There are positives to this voice.  It keeps me centered and grounded in the fact that I cannot stagnate.  I cannot stop.  I must keep changing, innovating, and creating.  If I slow down, my students stop.  I need to make sure that I listen to the voice to a certain extent – always challenging myself to be better, learn something new, create a better experience.  It keeps me on a journey rather than at a destination.

Here’s to being a positive deviant for change.  Break away from the mold to do what is right for kids.  Learn from your experiences, colleagues, and environment.  Grow and take risks.  Dare to be the teacher you never had in school.  That is what my nagging voice has challenged me to do this year.

Challenge accepted.

In pursuit of knowledge – be bold!

I was bold in the pursuit of knowledge, never fearing to follow truth and reason to whatever results they led, and bearing every authority which stood in their way.-Thomas Jefferson

I am a knowledge seeker.  I love learning new things, pursuing new ideas, trying them out, reflecting, and improving.  This is something I must tenaciously show my students to ensure that I am modeling the behaviors I want to see from them.  I read, collaborate, write, listen, take risks, handle adversity (the best I can, no perfection here), and grow from mistakes.

This persistent pursuit of knowledge is what keeps me going as an educator, and fuels my fire.  I like to think I am the lead learner in the room, and I had better back that up!  But of course, it is no easy path being this stubborn about learning and innovating in the classroom.

There are the looks and stares, the discussions that stop mid-sentence, the people who just don’t talk to you as much as they used to.  Others still, that make a point to let you know that everything you do in your classroom simply wouldn’t be possible in theirs.  Innovating can be isolating at times.  You can wonder if it is worth the struggle.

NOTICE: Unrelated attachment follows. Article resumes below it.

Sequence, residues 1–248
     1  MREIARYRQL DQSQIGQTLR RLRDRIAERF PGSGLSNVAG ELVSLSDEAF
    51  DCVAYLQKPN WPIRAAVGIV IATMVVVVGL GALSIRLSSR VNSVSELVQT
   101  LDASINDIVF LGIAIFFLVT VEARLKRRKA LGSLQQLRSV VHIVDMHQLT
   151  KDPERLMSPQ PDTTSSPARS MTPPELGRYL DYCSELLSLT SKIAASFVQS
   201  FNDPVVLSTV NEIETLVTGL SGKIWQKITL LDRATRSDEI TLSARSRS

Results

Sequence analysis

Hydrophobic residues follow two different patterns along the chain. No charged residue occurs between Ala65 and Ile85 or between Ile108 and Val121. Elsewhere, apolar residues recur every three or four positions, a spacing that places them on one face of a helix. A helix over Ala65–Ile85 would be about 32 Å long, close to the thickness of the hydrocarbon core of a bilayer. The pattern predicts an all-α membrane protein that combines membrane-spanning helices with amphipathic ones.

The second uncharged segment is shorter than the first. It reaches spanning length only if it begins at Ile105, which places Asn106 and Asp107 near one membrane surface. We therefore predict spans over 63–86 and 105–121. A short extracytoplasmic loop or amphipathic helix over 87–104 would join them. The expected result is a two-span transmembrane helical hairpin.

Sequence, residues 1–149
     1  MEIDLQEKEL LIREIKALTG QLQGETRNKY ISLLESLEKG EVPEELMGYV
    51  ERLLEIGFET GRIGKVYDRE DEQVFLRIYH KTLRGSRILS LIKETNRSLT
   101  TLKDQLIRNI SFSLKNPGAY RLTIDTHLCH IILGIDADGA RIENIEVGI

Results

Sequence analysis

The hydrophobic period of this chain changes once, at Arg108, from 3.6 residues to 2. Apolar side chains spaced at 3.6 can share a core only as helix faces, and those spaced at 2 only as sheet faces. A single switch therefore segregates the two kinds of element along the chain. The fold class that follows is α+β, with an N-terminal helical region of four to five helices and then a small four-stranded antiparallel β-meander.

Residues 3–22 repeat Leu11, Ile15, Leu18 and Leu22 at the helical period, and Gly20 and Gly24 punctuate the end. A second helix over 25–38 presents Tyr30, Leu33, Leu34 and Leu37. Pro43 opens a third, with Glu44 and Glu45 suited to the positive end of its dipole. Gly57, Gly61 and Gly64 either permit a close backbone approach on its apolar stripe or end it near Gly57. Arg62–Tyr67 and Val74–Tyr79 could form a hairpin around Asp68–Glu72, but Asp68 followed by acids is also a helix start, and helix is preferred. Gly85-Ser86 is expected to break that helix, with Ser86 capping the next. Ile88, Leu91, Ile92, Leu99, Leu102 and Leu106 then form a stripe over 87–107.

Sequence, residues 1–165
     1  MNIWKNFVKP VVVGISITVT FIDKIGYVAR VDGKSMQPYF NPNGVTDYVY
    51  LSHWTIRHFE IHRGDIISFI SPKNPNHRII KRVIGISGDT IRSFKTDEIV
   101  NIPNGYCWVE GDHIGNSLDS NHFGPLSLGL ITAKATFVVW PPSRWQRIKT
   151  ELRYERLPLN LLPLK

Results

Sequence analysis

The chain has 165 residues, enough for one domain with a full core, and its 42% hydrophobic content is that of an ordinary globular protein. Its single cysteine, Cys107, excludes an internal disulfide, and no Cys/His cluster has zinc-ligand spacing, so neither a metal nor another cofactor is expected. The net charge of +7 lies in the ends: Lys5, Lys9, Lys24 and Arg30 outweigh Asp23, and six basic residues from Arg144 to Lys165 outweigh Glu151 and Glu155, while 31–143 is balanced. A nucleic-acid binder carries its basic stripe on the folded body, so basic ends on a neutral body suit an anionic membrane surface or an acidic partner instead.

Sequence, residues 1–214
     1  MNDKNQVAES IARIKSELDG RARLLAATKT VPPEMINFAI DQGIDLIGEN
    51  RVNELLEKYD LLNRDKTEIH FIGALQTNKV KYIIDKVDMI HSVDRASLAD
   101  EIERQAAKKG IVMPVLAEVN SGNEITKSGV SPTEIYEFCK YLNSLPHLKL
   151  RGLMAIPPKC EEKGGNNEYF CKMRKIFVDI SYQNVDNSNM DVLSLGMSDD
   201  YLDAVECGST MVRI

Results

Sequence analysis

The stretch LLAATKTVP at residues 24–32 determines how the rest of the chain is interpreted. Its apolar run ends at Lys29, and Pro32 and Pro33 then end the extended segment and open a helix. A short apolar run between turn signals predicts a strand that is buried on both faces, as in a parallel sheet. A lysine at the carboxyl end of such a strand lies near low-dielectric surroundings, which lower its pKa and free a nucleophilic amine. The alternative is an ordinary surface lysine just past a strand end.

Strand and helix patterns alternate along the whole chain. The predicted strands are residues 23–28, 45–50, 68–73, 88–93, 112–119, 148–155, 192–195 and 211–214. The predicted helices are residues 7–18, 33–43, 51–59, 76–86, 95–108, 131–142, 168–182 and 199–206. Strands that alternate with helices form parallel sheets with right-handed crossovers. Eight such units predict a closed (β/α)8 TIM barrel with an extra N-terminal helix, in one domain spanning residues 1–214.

Then I think about my students.  Our modern world requires nothing less than innovators.  We need people to fill jobs that have not been created yet.  We need solutions to very difficult problems.  We need learners.  We need creators.

So, I am committed to pressing ahead, learning and innovating no matter what the cost.  For the time being, I will bear any authority that stands in the way of my students and I pursuing knowledge.  But eventually, my students will have to go out and bear that authority, and I hope to have shown them the right way to do it.  I hope to live up to the quote I began this post with, to boldly follow truth and reason no matter what.

 

Let’s go outside!

I said the magic words today in class…the ones that make students’ faces light up and cause smiles to emerge.  “Let’s go outside!”

It was a beautiful day today, temperatures in the 70s and partly cloudy.  Why keep these kids inside all day wishing they could just get a moment or two outside?  It is not that the activity we were doing couldn’t be done inside – of course it could.  But the beauty lies within this question…could we go outside for that?  Could we take advantage of the nice weather before yet another harsh Chicago winter bears down on us?  One of my goals for this year is to move my kids outside the walls of our classroom more often.  We can not only go outside, but use the other spaces within the school to provide a change of pace and setting.

Too many of our students go through the monotonous motions of their day – every day.  A simple act like moving our class to a different locale will make today memorable.  It takes an activity that might be easily forgotten and turns it into a shared experience of something different and fun.

Here they are outside!

Here’s to making every day as unforgettable as possible! 

Be relentless